Natural resources and economic development – towards a better framework

I recently collaborated on a paper for the Atlantica Centre for Energy.  A highly critical commentary in the TJ today suggested that I authored the report.  This might be another debate about semantics but I helped write this report but it is squarely an ACfE report.    This matters because I think it was an important step forward for an industry funded group to make the kind of arguments made in this report.  Yes, the report puts forward the premise that we can have natural resources development and communities that are great places to live – in fact the report makes the case the two are linked -with examples from across North America.

But the report is really meant to start a broader conversation about the right framework for this development.  It’s not just about economics – damn the torpedoes – but you can’t either just eschew any time of development because there are potential risks.   As I have said before, there were 10,000 workplace accidents in 2010 reported to the workers’ compensation organization in New Brunswick.  If we came to the decision we can’t support any development that has risk, we wouldn’t leave our houses in the morning.

The other critical point made by this report – is that if something happens – if some form of natural resource development causes harm – the government has to have the back of the people.  It has to make it right.  I won’t go into the details of the report but you should read this part – it is not the normal kind of framing of this you would see from an industry funded group.

There are industry proponents making the case for shale gas, mining and wind energy (this is the most controversial these days – it was a big issue in Ontario’s recent election and there are many stories about the wind energy around Amherst and the anger among local residents).    That’s their job.  There are environmental groups that see their mandate as fundamentally about stopping shale gas or mining or more tree cutting or Costcos built on wetlands (the wind energy issue is a little more polarizing).

I am not sure folks at the hard end of these positions will ever come to some full fledged agreement.  I am not sure that is what we should expect in a democracy.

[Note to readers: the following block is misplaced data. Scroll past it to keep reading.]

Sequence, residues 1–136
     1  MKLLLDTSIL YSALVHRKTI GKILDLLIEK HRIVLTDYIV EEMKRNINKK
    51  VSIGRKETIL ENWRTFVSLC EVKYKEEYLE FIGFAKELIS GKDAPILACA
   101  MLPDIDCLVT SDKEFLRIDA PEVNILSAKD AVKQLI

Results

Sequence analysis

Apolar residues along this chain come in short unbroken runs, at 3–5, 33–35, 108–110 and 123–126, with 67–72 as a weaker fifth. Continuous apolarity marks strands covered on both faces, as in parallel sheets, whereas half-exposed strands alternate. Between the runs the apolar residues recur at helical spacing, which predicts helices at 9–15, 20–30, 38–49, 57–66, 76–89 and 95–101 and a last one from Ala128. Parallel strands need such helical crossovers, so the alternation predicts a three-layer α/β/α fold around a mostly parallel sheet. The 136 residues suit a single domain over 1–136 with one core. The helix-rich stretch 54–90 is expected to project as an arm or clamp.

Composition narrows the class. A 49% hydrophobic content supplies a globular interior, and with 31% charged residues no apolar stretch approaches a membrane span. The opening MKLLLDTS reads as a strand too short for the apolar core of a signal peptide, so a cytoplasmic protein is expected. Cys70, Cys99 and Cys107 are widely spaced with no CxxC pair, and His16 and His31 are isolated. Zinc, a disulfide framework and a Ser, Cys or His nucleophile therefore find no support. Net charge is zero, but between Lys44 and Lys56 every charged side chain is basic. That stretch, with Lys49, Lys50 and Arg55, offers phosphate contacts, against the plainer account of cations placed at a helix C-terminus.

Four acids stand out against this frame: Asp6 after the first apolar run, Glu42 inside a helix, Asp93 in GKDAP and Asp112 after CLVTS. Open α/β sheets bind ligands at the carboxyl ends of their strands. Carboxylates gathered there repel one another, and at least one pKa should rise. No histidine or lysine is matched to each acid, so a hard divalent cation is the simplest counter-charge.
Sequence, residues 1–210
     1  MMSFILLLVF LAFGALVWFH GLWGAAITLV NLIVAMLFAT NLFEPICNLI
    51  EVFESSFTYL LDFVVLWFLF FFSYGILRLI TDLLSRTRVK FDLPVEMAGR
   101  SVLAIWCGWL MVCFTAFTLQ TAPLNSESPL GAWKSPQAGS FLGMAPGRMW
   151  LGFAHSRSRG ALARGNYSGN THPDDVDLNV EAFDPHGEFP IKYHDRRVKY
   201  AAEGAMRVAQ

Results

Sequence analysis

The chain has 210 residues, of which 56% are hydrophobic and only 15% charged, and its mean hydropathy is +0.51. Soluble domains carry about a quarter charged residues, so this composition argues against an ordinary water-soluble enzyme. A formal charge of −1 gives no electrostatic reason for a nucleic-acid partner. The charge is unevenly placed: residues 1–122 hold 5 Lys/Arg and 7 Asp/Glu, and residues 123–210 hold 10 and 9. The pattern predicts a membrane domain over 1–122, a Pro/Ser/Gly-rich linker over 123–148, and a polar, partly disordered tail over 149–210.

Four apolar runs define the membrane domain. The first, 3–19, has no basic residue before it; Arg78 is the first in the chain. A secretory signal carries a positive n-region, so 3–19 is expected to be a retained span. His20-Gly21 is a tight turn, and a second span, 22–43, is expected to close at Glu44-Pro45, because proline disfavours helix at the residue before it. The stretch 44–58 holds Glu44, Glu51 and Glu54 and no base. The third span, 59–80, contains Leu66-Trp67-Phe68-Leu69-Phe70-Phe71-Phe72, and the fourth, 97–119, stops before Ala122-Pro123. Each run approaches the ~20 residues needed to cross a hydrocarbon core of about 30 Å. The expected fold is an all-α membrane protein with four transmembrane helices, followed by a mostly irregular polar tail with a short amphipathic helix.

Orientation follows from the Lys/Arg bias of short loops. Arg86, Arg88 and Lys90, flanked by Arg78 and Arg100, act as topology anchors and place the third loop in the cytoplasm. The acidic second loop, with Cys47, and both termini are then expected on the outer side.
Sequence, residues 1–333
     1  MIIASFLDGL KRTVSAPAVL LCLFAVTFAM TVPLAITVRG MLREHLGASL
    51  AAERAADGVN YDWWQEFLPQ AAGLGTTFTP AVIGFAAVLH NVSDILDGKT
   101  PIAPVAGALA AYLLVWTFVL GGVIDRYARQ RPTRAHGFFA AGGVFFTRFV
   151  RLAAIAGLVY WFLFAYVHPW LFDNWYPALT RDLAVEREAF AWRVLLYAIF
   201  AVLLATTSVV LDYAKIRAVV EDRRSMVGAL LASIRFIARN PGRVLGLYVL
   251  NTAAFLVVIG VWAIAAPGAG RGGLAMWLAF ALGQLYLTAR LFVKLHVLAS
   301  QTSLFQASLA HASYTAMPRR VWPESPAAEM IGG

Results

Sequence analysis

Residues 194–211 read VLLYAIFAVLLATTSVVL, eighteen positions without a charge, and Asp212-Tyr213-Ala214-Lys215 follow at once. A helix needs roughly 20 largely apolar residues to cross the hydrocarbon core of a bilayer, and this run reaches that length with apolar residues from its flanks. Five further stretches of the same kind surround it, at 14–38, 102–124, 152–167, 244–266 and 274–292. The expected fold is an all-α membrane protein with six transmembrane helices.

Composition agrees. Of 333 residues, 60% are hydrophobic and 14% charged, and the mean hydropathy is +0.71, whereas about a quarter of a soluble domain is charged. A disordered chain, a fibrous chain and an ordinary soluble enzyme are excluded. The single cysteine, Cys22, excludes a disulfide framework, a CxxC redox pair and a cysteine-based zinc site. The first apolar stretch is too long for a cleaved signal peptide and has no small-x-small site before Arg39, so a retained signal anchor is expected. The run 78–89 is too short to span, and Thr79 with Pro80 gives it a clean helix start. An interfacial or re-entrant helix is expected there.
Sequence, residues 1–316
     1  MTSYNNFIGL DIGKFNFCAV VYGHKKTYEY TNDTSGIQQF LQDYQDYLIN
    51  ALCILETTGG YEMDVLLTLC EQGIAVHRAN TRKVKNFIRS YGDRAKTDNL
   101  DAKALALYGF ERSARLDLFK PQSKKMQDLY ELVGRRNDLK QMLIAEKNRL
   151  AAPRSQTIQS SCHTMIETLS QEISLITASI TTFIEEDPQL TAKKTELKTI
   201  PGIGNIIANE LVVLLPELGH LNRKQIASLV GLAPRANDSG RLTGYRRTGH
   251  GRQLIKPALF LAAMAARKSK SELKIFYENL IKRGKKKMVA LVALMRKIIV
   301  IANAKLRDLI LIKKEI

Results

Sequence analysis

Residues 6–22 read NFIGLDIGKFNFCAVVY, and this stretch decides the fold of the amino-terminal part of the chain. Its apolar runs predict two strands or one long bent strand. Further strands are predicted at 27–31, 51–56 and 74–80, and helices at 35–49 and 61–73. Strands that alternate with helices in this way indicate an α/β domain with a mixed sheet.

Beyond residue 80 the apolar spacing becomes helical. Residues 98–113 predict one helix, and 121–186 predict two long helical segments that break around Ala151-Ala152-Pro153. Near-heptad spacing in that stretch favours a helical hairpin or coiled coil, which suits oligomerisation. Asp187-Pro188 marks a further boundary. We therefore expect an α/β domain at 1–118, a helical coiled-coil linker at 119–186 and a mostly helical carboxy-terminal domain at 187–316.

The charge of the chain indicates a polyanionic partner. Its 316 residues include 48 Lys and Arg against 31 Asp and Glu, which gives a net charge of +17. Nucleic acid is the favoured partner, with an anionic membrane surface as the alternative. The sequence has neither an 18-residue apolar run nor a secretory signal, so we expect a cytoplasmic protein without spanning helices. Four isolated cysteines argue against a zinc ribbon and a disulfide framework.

But for everyone else – the 90 percent of people in the middle that want both – natural resources development, jobs and taxes for public services – and protection of their environment  – those are the folks that want to be engaged in the broader conversation.

I hope this paper is one small part in this conversation.

2 thoughts on “Natural resources and economic development – towards a better framework

  1. “The other critical point made by this report – is that if something happens – if some form of natural resource development causes harm – the government has to have the back of the people. It has to make it right. ”

    That is a critical point. I don’t see any movement on this issue from the current govt, but unless they do move in that direction there will continue to be a great deal of resistance to shale gas or mining. People have to see that the govt is on their side. Yet GNB can’t even seem to come to grips with more extensive water testing before development takes place – they seem to have backed out of an arrangement with groups in the Nashwaak valley, for example. Did they do that for good reason? We don’t know as they aren’t talking.

    GNB should announce that an arms-length commission or something similar will be established to award compensation in cases where adverse events occur (eg loss of water or water quality). That group should be given the power to make awards for damages on the probability of harm, rather than a legal finding of fault, and the funds should come out of royalty payments or a combination of royalties and funds provided by industry out of profits. I don’t see much sign that the govt has learned much from the Penobsquis episode.

    The report from the Atlantica Centre seems very fair-minded to me. I haven’t read the ‘critical’ commentary in the TJ so can’t comment on that.

  2. This is so great. We need a balanced approach, one that will bring revenues in to pay for our senior’s health care and benefits, and provide jobs, while ensuring the safety of the people. If we rejected everything with risk we probably wouldn’t have any oil/gas and many other things we enjoy today. Plus we need a bridge fuel to get us to the alternative energies. And funnily Sackville turned down wind turbines too because “they kill birds and the vibrations make people sick”, so being extreme gets us nowhere.

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